Learn the science behind forensics
A stark white sheet covers an autopsy table. To the left are five skulls showcasing the effects of sword blade, hammer and gunshot wounds on the human cranium.
Welcome to "Visible Proofs: Forensic Views of the Body," a new exhibit at the National Library of Medicine (NLM) in Bethesda that runs through Feb. 16, 2008. This exhibit explores the progression of forensic science from its beginnings in the 1600s to the complex technologies of DNA testing and 3-D computer imaging used today.
Not for the squeamish, the exhibit displays many graphical and colorful images of death and injuries; the most nauseatingly interesting is the video of an actual autopsy. Three organ specimens are also lined up, showing the trauma a gunshot or stab wound can cause an organ. There are bugs, too — the presence and number of insects on a discovered corpse give clues to the time of death.
The exhibit is not all displays and graphics to be seen and not touched. Visitors can add their fingerprints to the computer database, entering their fingerprints again later to see if the software can recognize a match or printing them out as souvenir. Three tiny models of crime scenes let visitors step into the role of a criminal investigator, asking what their next step would be to figure out what really happened in the scene. The Experience Zone at the back of the exhibits offers other hands-on activities. The FACES software on three computers allows visitors to choose eyes, mouths, noses and other distinctive facial features — including tattoos — and create a face or test their memory of viewed faces. A microscope is set up to view the evidence, such as hair and blood particles, typically found at crime scenes. A flat panel laid out like an autopsy table takes viewers through several cases, showing how forensics was used to discover cause of death.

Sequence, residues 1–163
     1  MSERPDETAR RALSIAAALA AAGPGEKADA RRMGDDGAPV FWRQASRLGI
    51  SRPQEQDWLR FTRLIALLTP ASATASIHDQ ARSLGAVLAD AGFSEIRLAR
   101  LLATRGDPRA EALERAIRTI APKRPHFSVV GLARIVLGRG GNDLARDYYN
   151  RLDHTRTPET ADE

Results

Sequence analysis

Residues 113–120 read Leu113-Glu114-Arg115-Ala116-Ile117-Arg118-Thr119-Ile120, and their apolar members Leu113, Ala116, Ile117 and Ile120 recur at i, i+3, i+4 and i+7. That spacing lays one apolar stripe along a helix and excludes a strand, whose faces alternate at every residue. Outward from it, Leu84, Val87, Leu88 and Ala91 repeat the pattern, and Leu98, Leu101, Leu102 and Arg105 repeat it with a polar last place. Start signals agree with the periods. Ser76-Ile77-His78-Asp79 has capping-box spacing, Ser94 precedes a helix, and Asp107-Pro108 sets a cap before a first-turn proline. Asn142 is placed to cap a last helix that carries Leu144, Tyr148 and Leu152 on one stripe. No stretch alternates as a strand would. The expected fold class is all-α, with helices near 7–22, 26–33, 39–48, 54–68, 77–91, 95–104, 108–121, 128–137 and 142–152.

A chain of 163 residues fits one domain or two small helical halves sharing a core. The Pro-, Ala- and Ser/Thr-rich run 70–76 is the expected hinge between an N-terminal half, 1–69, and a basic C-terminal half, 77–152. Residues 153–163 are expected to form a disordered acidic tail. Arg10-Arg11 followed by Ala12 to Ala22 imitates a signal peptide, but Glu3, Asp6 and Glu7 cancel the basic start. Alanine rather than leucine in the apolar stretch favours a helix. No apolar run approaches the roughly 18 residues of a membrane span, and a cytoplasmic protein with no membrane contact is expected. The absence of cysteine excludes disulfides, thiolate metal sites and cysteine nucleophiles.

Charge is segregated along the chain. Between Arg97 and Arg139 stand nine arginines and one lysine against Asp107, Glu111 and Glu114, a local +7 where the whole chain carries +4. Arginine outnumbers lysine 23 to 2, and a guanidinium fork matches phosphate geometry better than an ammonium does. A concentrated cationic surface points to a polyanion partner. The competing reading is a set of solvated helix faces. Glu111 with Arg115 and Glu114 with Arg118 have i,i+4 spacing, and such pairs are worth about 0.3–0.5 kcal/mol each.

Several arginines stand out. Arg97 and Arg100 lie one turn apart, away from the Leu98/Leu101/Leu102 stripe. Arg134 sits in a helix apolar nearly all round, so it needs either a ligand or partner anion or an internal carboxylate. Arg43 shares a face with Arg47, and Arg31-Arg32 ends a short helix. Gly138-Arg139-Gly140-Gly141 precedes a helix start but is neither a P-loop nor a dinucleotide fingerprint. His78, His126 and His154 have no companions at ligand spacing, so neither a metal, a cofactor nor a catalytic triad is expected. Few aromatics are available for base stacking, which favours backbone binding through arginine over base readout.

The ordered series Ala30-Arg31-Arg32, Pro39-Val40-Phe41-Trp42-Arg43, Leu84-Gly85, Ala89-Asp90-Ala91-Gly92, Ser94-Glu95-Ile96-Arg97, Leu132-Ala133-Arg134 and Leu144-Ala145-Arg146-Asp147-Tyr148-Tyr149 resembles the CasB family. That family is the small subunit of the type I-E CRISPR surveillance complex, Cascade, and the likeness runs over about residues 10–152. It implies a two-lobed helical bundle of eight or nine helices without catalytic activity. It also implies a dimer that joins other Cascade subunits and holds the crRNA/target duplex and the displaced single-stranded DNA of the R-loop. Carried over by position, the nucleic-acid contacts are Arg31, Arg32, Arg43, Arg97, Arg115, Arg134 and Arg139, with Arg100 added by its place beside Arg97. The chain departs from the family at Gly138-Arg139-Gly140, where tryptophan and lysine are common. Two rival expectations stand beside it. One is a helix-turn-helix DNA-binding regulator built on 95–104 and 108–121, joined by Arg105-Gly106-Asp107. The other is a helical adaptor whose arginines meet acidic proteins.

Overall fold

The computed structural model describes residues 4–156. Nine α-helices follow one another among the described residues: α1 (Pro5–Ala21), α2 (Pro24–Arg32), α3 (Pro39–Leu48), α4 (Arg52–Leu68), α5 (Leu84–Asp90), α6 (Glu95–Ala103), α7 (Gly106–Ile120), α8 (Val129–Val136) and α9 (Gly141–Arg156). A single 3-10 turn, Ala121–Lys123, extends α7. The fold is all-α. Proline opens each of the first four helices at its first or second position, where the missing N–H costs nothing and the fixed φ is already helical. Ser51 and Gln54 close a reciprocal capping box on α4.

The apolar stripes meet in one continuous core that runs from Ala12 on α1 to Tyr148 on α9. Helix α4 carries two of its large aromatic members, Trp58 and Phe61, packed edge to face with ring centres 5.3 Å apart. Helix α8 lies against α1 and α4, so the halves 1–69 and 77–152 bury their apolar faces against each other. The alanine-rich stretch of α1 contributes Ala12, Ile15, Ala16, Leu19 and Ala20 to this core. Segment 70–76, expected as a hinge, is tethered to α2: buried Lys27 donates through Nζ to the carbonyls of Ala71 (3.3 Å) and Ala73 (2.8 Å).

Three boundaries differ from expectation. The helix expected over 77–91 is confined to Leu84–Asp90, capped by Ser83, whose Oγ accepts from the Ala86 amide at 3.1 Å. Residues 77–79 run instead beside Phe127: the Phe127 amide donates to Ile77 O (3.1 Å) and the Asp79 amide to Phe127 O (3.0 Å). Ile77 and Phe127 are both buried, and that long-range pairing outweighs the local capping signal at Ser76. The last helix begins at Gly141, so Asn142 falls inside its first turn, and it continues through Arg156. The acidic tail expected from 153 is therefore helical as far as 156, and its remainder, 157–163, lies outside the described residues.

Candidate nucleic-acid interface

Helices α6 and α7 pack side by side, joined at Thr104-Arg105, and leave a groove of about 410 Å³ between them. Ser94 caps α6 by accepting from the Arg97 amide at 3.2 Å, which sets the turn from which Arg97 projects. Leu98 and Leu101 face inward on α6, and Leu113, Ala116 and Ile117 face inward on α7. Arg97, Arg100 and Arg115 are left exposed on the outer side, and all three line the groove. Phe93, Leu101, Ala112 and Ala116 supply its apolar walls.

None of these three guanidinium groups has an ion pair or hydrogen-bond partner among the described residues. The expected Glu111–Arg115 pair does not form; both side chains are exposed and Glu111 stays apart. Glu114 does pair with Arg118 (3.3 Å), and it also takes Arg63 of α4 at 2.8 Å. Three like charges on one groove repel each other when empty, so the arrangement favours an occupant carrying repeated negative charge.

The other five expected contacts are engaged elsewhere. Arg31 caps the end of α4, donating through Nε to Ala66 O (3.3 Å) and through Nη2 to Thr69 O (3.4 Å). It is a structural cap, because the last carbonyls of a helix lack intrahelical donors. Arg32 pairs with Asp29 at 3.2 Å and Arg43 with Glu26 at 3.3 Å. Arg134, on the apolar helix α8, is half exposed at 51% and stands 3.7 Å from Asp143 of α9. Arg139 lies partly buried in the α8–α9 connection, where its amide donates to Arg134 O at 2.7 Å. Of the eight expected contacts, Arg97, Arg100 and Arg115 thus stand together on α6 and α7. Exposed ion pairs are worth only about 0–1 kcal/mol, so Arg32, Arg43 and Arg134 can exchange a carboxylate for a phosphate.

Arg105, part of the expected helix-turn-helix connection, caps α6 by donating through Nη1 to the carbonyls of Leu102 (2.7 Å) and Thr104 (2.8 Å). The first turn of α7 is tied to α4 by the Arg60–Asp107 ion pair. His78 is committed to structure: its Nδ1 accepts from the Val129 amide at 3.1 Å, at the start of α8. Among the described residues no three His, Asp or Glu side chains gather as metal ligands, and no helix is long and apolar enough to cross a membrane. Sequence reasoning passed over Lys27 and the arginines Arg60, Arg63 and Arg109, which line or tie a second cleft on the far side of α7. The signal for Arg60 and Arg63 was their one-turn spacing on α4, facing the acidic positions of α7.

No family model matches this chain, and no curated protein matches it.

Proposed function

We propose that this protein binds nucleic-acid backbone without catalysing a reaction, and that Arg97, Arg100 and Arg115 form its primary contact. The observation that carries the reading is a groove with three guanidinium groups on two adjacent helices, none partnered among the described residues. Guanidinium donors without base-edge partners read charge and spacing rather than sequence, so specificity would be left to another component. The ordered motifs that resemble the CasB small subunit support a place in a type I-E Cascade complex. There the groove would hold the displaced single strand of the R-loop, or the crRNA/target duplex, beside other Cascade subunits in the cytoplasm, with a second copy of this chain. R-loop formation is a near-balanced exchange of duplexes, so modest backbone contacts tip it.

Forensics is gruesome, but fascinating — sensational accounts of murders were sold as pamphlets to the public when the sciences of forensics was at its start, and continuing to today, with popular televisions shows such as "CSI" and "Law and Order." A small display in the exhibit showcases pamphlets, cartoons, novels and games is witness to our continual fascination with death.
Visit the Visible Proofs web site for hours or more information.
Lois Bangiolo. Lois Bangiolo was born on March 14, pi day, an auspicious date as she is now in the math-science magnet. In addition to writing for Silver Chips Online she runs track and is secretary of the MBHS Key Club. More »